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40 NOTES AND QUERIES. [12S. X.JAN. 14, 1922. Jamieson. Mr. Percy Simpson's essay on the 1604 text of Marlowe's ' Doctor Faustus is a textual In the Appendix, where Miss Fleming gives her views as to the educational use that may be made of folk-stories, we find JBible -stories ir entk>ned I good example of acute and sympathetic along with ancient national legends as if, for j criticism. European children, they were on the sancre level. Have the educationists sufficiently considered unless children are themselves taught that unless children are themselves taught a group of tales as " sacred they will have no more than a verbal knowledge of what a " sacred " tale is ? And, if the Bible stories have i.ot, for European children, that particular value, they must forgo the possession of anything of th^ kind, for i.o others can now be so presented to them. But what is " sacred " must be kept apart. The advice in the Appendix is, in general, rather too facile and sweeping, though it may here and there hold useful suggestion for a teacher who has accumulated a tolerable know- ledge of folk-tales and is at a loss to get the most out of them. The illustrations, chosen " to illustrate the culture of the people " who told the stories, are most interesting, but want more than a child's or inexperienced person's knowledge to correlate with the text. What has a faience relief from Knossos in Crete to do with Io ? Essays and Studies by Members of the English Association. Vol. vii. Collected by John Bailey. (Clarendon Press, 7s. 6d.) THIS volume counts among the best in this delightful series. The lover of Donne must certainly not miss it. Here is an account, by Mr. John Sampson, of a copy of the 1639 edition of * Poems, by J. D., with Elegies on the Author's Death,' annotated ' by its first owner, whose initials G. O., the nature of the notes, and a com- parison of the handwriting with that in the parish registers of Bourton-on-the-Hill, point to Giles Oldisworth, the Royalist divine. Oldisworth, besides other interesting matter his annotations are most copious solves the puzzle of R. B., author of the last elegy, who has been variously conjectured to be Richard Braithwaite, or Broome, or Ralph Brideoak. None of these it is Richard Busby, the famous headmaster. He also gives " L. Cary " as the name of the person for whom Donne wrote the ' Elegie on the L.C.,' which would make the letters " L.C." indicate the j Lord Chamberlain. These two interesting identi- j EDITORIAL communications should be addressed fixations are mentioned as examples of the good to " The Editor of ' Notes and Queries ' " Adver- Pedigrees of some East Anglian Denny s. By H. L. L. Denny. (Reprinted from The Genealogist.) Memoir of Colonel William Denny, Lieutenant - Governor of Pennsylvania. By H. L. L. Denny. (The Pennsylvania Magazine of History and Biography, vol. xliv., No. 2.) THE subject of the memoir was the son of a Hertfordshire rector belonging to a family of East Anglia which had borne a good part in the foundation of the English colonies in America. He was born in 1709, matriculated at Oriel College, Oxford, in 1726, and took his degree in 1730, and is next heard of as an original member of the Society of Dilettanti. By 1744 he had entered the Army ; in 1756 he was appointed Lieutenant- Go vernor of Pennsylvania ; in 1759 he was re- called, and he died "in 1765, after occupying him- self again with the affairs of the Dilettanti. There can be little doubt that his position as Governor was difficult. The most interesting pages in this account of him are those containing the full report of his situation addressed to Thomas Penn from Philadelphia in April, 1757,* which, together with one or two others, has been extracted from the " Perm Papers " in the MS. Division of the Historical Society of Penn- sylvania. The pedigrees are those of the Dennys of Cheshunt, Herts, and Howe Hall, Norfolk ; and of Beccles in Suffolk. Neither line seems to have male descendants. Needless to say, all the as- certainable particulars of each member of the two families are here set out with the greatest care, and the relative abundance of the informa- tion testifies to the exhaustive research under- taken to obtain it. to Corresponbent*. details upon which Mr. Sampson has lighted by his purchase of a " dogeared, worn and ink- stained " copy which the bibliophile might easily have passed by with disdain. Mr. de Selincourt's ' Rhyme in English Poetry ' is a very delicate study of a topic of vital importance for English letters, rounded out by illuminating reference tisements and Business Letters to " The Pub- lishers " at the Office, Printing House Square, London, E.G. 4 ; corrected proofs to The Editor, ' N. & Q.,' Printing House Square, London, E.C.4. ALL communications intended for insertion in our columns should bear the name and address of the sender not necessarily for publication, but as to and comparison with French use of rhyme. , a guaran tee of good faith. Muic F ?nSo^ WE cannot undertake to answer queries in style, which is good, but also in matter, which P n y a teiy. is much better. WHEN answering a query, or referring to an Mr. A. H. Cruickshank gives a very charming ac- i article which has already appeared, correspondents count of Thomas Parnell, to which is attached a are requested to give within parentheses -fm- pleasant and suggestive though not very deep- mediately after the exact headingthe numbers going series of criticisms of the eighteenth century. ! of the series, volume, and page at which the con- Mr. Geo. Neilson deals with a bundle of MS. | contribution in question is to be found. Ballads, printing an " abbreviate " of the whole A. ROGERS. The query on a translation of collection with notes of identification and, after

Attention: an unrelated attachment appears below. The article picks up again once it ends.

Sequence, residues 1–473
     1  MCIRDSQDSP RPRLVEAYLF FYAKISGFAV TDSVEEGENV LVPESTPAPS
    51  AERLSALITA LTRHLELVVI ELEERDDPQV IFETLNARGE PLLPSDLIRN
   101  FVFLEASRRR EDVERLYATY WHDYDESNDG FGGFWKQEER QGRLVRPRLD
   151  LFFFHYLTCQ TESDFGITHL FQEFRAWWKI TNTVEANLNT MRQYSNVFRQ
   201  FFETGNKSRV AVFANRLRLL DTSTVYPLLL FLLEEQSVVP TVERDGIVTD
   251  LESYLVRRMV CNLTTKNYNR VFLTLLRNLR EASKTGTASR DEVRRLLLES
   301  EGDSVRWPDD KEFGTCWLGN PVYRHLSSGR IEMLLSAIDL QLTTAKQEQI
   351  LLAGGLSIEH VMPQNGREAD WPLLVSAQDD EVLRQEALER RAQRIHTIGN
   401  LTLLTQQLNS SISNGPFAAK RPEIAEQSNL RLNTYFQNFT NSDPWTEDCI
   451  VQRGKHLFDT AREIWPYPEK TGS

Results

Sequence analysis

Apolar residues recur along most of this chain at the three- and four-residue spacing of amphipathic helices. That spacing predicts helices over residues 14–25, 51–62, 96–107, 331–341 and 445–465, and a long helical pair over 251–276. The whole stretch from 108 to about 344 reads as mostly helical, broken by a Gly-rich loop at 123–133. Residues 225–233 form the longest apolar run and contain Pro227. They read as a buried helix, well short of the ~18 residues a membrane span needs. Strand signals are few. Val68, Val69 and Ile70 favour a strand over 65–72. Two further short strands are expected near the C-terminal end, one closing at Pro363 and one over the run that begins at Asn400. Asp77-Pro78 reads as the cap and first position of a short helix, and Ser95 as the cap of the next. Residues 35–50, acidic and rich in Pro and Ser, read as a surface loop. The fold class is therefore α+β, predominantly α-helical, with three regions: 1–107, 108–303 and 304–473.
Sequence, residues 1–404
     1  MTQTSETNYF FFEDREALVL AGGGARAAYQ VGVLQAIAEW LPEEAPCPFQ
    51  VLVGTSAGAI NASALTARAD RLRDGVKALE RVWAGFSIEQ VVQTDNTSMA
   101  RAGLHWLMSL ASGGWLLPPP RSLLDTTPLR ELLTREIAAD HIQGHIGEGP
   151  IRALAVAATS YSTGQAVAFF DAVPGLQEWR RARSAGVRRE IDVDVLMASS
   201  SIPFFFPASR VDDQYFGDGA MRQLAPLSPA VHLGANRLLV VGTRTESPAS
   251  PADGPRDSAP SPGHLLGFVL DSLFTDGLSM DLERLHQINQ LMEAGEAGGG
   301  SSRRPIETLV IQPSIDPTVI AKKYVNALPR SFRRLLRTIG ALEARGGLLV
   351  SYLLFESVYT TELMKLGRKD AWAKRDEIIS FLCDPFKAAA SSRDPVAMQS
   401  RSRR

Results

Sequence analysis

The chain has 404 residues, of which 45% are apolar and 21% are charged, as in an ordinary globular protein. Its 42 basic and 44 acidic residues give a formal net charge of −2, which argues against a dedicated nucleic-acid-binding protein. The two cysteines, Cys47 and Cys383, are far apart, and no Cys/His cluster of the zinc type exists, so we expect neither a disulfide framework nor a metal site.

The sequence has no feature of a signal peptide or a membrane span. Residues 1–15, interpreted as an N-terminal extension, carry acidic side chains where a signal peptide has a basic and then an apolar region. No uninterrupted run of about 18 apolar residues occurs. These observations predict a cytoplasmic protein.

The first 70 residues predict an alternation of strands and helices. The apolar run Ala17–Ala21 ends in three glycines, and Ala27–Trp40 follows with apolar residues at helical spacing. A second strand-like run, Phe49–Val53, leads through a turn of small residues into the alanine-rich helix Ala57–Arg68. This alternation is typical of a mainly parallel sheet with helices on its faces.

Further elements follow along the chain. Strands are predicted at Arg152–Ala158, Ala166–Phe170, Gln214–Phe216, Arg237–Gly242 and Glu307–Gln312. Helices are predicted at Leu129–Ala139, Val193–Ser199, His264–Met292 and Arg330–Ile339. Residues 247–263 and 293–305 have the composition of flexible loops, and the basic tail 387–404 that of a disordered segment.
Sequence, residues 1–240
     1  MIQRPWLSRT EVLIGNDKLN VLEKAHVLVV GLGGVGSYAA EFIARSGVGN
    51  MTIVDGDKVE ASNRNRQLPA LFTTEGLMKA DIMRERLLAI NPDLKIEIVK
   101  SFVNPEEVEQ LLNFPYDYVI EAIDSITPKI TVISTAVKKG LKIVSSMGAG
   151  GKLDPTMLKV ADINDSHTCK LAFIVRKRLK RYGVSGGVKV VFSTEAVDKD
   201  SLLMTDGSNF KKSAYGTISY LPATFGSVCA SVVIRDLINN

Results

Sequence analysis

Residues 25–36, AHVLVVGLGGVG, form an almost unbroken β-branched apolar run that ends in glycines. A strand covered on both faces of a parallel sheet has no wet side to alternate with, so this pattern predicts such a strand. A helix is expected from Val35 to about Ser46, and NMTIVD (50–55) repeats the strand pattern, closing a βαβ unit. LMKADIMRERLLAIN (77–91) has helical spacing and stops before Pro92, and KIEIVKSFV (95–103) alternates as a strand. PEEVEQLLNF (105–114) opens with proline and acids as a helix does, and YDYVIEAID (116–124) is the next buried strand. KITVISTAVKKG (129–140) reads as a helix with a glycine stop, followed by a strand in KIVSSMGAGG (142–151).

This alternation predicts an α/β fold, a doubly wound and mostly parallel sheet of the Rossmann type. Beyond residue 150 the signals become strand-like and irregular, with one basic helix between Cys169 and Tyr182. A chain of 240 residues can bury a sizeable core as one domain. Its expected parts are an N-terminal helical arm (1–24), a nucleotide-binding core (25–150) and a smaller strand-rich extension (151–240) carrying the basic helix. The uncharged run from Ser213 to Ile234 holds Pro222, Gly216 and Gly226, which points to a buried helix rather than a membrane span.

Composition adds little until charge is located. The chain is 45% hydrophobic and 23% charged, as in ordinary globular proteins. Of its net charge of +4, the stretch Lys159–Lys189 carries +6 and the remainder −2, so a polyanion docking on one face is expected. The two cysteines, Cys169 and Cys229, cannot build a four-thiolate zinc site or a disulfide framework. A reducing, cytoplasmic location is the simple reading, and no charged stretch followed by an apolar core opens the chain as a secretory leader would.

• a careful discussion, showing that the collector

of these transcripts is no other than Robert stanzas from Omar Khayyam appeared at 12 S. ix. 272 (Oct. 1, 1921), and was answered at 12 S. ix. 317 (Oct. 15).